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05-07-2019 | Rheumatology | News | Article

Favorable results with TNF inhibitors in Behçet's disease-associated uveitis

medwireNews: The tumor necrosis factor (TNF)α inhibitors adalimumab and infliximab both show good efficacy when used as first biologic agents in patients with refractory uveitis due to Behçet's disease, Spanish research shows.

Treatment with adalimumab, however, resulted in a higher drug retention rate and significantly greater improvements in visual acuity, report Ricardo Blanco (Hospital Universitario Marqués de Valdecilla, Santander) and colleagues in Arthritis & Rheumatology.

The open‐label multicenter study included 177 patients with Behçet's disease‐associated uveitis (316 affected eyes) refractory to conventional non‐biologic treatment who were treated with intravenous infliximab 3–5 mg/kg at weeks 0, 2, and 6, and every 4–8 weeks thereafter (n=103) or with subcutaneous adalimumab 40 mg every 2 weeks with no loading dose (n=74) according to physician and patient preference.

After 1 year of therapy, patients in both groups had significant improvements in all six ocular parameters measured by the researchers, but the degree of improvement in some outcomes differed between the two treatments.

For example, patients receiving adalimumab had significantly greater improvements in best Snellen corrected visual acuity (mean 0.81 vs 0.67 logMAR equivalents) and a significantly greater drug retention rate (95.2 vs 85.0%) than those who received infliximab.

But the proportion of patients with vitritis at 1 year was significantly higher with adalimumab than with infliximab (93.3 vs 79.0%) and the proportion with anterior chamber inflammation was nonsignificantly higher (92.3 vs 78.2%).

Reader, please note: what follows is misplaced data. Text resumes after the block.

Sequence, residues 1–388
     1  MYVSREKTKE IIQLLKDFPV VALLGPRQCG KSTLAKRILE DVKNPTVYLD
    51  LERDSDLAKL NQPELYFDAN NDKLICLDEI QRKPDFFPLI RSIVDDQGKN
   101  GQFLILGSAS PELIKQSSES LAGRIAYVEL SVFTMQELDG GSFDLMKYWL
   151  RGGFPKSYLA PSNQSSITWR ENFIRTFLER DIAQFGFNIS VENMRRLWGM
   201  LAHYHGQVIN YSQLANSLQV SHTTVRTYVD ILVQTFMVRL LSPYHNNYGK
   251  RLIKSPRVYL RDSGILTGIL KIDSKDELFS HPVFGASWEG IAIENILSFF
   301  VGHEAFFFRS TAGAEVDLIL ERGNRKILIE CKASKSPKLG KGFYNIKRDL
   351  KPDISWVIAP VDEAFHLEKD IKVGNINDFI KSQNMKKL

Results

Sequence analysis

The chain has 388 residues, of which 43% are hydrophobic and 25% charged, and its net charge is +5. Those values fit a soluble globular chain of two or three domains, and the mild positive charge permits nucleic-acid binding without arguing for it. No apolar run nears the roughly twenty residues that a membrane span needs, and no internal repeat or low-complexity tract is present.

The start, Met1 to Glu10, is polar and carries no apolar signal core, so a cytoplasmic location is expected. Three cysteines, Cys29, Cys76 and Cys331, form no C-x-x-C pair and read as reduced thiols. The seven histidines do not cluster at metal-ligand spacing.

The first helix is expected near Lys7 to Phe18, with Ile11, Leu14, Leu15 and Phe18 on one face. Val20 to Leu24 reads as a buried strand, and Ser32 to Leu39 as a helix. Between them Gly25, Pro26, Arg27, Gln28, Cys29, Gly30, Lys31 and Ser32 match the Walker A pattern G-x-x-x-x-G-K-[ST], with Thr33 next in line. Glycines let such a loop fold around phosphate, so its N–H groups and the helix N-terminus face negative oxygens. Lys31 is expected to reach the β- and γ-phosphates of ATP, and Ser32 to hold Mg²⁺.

Blanco and team suggest this difference could be due in part to the fact that patients in the adalimumab group “did not receive the loading dose of 80 mg along with the next dose of 40 mg at one week as performed in the VISUAL trials since our study was carried out before these studies had been published.”

There was no significant difference between the adalimumab- and infliximab-treated patients in the rate of retinal vasculitis (95 vs 97%) and macular thickness (mean 250.6 vs 264.9 µm) at 1 year, however.

Furthermore, the median daily dose of prednisone fell from 20 mg and 30 mg in the adalimumab and infliximab groups, respectively, at baseline, to 5 mg/day at 1 year in both groups.

After mean follow-up periods of 26.5 months in the adalimumab group and 31.5 months in the infliximab group, 87.8% and 76.5% of patients, respectively, achieved ocular remission (defined as the absence of signs of intraocular inflammation 3 months or more), a nonsignificant difference.

Four patients in the adalimumab group and eight in the in the infliximab group withdrew treatment due to severe side effects or toxicity, including lymphoma, injection site reactions, and infections in the former group, and infusion reactions, infections, severe oral ulcers, and skin reactions in the latter. Withdrawal due to inefficacy was reported in 14.9% and 17.5%, respectively.

Blanco et al accept that the study is limited by its observational nature. “Because of that, further randomized, controlled trials comparing head to head both anti-TNF-α agents are required,” they conclude.

By Laura Cowen

medwireNews is an independent medical news service provided by Springer Healthcare. © 2019 Springer Healthcare part of the Springer Nature group

Arthritis Rheumatol 2019; doi:10.1002/art.41026

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